Don't Escape 2
ScriptWelder's Don't Escape was, as the title suggests, a sort of anti-escape game where you had to figure out a way to lock yourself in to a place as securely as possible, with puzzles to match, and its unique concept proved itself very popular indeed. In Don't Escape 2, it's two weeks after a zombie outbreak, and you and your friend Bill are holed up in an abandoned building... maybe just a little too late for Bill himself, who got bitten in your most recent escape. Still, you're not quite ready to abandon your friend, and you've got more pressing matters on hand... namely, the massive horde of zombies headed your way. You figure you've got until sunset to figure out how to lock this place up snug as a bug, and it's going to take more than just shoving some furniture in front of a door. To play, just click to interact when your cursor expands its crosshairs and turns yellow. Mousing over the top of the screen will drop your inventory down, and also show you the clock. Unlike the original game, you really are on a limited time schedule here. You have eight hours, and since you can travel to more than one place in the surrounding area, time is deducted whenever you travel away from the abandoned building. So explore areas thoroughly, combine items in your inventory, and, well, here's hoping you live to see another sunset!
Don't Escape 2 is considerably more complex than its predecessor, more point-and-click adventure than simple puzzle, similar in concept to I Have 1 Day. The amount of time you have initially seems more than enough until you realize that some actions actually take hours, and when you get stuck, trying to retrace your steps to find out what you missed and where can wind up costing you a lot of time. It forces you to think carefully and really examine your surroundings, especially since some items are tiny and blend into the background and a few area transitions are very sneakily hidden. The larger scope ups the challenge in a big way, and most of the item-related puzzles are fairly intuitive if you've explored everything and picked up what you can, though there are times when it feels like the game hasn't accounted for every possibility in typical adventure game logic fashion. Logically, you may feel like there are some things you could do using certain items that you just can't because that's not the way the game wants you to proceed, which may rattle a little more than usual in a game so clearly speaking to survivalist MacGuyver problem solving. Chances are you'll still need to replay it several times as you learn where everything is, and what consequences certain actions have, but ScriptWelder has clearly put a lot of creative thought into making this one a challenge, and has succeeded in making a clever, tricky game that asks you to put that zombie survival plan I know you have to the test.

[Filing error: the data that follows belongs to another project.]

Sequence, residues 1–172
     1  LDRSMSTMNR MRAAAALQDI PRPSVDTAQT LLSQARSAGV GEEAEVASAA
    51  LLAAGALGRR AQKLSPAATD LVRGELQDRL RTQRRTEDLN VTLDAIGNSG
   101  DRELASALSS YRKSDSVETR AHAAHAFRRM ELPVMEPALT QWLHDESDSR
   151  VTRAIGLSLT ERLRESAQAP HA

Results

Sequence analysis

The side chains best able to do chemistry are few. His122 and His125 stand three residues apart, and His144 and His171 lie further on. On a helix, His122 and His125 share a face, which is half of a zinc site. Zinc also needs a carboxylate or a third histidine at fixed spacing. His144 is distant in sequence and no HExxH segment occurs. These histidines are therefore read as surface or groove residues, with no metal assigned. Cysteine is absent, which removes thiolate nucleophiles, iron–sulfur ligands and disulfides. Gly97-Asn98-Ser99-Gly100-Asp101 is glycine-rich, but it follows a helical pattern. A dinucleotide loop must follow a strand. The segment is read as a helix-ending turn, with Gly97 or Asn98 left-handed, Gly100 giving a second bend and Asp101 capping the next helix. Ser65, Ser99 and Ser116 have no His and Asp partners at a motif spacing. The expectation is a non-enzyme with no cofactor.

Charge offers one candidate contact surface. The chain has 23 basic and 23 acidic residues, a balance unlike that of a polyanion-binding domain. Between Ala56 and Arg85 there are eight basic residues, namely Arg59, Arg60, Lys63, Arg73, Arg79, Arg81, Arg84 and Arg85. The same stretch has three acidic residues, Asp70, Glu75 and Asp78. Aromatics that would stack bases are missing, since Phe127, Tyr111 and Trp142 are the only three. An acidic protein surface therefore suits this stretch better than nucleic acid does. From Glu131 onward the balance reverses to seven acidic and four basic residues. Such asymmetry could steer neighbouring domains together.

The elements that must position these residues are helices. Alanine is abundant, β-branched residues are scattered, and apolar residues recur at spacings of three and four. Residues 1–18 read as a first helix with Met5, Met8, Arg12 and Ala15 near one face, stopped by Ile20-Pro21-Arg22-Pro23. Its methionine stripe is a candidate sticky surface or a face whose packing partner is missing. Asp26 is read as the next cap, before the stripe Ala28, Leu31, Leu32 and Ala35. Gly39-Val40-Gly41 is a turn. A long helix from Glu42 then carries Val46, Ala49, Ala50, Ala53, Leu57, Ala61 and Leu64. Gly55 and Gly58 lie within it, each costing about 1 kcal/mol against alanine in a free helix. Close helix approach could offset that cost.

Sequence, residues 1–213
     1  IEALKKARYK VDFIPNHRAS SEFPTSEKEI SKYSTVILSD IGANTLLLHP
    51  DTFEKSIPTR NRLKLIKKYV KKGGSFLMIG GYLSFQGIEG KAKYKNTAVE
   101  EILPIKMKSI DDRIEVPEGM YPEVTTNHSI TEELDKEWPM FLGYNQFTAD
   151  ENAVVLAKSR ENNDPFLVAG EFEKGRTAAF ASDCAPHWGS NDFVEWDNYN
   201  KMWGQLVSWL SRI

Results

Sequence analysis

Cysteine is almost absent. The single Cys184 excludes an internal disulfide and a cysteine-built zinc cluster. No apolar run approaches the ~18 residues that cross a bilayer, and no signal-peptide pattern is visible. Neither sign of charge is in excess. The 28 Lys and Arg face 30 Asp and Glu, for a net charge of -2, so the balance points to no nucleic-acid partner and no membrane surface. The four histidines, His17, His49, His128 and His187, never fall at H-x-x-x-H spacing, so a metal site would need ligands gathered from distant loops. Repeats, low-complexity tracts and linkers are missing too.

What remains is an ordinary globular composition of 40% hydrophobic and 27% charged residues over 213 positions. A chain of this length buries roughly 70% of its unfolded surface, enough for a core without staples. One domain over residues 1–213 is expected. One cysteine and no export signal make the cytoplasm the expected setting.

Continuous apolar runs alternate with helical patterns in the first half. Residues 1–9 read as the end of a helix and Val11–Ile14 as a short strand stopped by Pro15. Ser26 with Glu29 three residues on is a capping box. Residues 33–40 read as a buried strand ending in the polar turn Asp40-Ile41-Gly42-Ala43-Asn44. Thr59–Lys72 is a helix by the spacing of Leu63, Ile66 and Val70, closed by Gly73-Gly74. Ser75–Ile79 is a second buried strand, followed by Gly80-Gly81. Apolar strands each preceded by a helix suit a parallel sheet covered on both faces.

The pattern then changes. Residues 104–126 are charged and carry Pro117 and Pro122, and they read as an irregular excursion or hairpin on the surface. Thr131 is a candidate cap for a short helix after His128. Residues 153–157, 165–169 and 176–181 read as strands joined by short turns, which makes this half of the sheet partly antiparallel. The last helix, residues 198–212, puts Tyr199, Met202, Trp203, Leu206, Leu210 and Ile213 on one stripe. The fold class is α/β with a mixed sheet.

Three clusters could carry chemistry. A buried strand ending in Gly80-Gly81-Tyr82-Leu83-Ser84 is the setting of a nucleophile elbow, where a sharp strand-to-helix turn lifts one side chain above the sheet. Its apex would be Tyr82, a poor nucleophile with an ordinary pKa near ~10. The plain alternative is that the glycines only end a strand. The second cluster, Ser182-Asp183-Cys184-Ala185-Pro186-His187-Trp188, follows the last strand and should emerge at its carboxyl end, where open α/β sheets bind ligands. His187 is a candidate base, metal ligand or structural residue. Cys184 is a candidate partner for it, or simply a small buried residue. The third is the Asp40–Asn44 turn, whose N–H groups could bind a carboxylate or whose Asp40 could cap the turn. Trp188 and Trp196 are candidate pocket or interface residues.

Thanks to Chris for sending this one in!